Clean label-loving Millennials pose a challenge for food retailers

Discussion
May 19, 2016
Warren Thayer

Through a special arrangement, presented here for discussion is a summary of a current article from Frozen & Refrigerated Buyer magazine.

By whatever name, “clean label” products are hot and on-trend with consumers, representing a big opportunity. But what are clean label products, anyway?

Some folks define them as those without artificial colors, flavors, sweeteners, preservatives or trans fats. Others point to short lists of pronounceable ingredients.

The push for cleaner labels, less processing and simple ingredients is picking up strength. Consumer ambivalence toward the processed food industry is clear in a proprietary Packaged Facts National Consumer Survey conducted in January 2015 among 2,284 U.S. respondents age 18+. Fully 67 percent of surveyed consumers favor groceries with fewer and simpler ingredients, and 61 percent agree that “there are specific ingredients I avoid and make sure aren’t present in the packaged foods I buy.”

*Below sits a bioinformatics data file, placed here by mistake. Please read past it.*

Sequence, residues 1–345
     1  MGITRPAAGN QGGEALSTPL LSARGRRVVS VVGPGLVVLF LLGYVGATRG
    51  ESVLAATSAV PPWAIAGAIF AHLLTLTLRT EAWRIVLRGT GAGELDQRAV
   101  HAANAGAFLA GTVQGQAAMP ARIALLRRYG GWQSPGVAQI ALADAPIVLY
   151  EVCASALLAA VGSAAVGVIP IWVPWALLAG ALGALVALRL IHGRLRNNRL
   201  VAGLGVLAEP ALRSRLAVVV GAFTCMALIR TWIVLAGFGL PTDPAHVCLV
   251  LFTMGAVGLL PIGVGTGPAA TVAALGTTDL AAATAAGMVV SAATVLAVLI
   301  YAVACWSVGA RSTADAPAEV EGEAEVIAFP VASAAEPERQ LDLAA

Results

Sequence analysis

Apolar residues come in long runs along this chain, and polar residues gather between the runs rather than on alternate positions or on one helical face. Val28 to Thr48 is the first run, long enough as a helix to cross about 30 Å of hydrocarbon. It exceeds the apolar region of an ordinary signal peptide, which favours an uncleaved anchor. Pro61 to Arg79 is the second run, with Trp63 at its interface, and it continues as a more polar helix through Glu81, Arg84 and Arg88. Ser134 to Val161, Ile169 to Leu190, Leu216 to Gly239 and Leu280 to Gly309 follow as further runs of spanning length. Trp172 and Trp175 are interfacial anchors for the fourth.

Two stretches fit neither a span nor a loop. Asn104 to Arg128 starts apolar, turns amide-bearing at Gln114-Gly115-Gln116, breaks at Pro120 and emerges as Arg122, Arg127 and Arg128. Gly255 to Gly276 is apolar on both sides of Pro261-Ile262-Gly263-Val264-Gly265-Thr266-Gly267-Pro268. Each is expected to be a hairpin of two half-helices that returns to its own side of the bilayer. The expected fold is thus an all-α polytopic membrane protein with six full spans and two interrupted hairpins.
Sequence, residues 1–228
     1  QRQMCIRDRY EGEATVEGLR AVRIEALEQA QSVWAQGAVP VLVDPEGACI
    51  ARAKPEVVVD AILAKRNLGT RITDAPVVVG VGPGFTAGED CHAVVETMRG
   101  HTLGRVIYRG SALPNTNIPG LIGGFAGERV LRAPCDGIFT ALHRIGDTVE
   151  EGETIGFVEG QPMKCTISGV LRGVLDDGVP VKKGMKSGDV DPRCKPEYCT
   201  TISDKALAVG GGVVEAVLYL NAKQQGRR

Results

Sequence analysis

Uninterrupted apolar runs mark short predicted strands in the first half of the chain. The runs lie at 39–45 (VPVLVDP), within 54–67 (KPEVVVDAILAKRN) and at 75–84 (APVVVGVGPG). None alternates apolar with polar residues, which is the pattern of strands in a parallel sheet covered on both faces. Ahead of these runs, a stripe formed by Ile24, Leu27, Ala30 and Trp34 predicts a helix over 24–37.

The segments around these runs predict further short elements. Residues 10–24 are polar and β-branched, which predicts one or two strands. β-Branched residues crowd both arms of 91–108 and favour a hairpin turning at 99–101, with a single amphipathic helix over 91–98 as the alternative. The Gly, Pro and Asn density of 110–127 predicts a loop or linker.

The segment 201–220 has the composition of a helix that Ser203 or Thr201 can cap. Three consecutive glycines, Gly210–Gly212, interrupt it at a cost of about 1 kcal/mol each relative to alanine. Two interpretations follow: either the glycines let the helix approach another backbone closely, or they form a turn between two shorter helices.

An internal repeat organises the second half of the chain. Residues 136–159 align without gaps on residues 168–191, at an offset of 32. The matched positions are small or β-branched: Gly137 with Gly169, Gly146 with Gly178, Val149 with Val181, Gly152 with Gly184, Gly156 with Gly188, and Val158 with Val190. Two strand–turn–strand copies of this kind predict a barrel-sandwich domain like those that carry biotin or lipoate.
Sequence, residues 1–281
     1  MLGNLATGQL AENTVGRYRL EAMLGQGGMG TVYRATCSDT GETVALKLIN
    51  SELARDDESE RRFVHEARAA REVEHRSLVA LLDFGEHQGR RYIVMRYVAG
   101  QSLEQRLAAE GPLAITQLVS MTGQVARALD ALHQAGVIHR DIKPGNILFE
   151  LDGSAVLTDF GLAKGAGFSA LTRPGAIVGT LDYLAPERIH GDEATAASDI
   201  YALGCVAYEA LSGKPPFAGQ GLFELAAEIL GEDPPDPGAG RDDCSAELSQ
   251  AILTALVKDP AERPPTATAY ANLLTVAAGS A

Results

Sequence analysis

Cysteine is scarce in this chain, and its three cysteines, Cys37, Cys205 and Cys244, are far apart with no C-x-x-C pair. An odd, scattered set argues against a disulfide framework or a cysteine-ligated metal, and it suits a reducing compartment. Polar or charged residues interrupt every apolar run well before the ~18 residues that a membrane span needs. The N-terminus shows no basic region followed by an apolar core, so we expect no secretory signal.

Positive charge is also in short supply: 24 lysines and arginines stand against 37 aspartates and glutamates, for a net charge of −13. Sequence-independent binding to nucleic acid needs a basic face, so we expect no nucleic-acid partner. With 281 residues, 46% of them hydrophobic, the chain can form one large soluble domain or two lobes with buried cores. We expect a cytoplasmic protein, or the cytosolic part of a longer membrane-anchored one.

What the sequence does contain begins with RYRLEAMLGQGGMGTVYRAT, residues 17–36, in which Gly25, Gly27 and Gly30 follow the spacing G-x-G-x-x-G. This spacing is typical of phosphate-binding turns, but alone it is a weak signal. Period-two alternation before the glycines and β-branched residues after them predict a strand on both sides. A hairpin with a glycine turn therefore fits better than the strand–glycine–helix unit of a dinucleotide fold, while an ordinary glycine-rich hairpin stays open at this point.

In addition, about two out of three consumers take nutritional content statements, ingredient-free statements (a clean label element), and statements about health benefits (a nutraceutical element) into consideration when buying packaged foods and beverages. And 79 percent and 78 percent of consumers, respectively, consider the “ingredients list” and the “Nutrition Facts panel” very or somewhat important to their food and beverage purchasing decisions, with more than half of consumers considering them “very important.”

Product preferences particularly define Millennials who demand more out of retailers in curating better options, according to Elsha DeJong, director of sales at Five Star Foodies.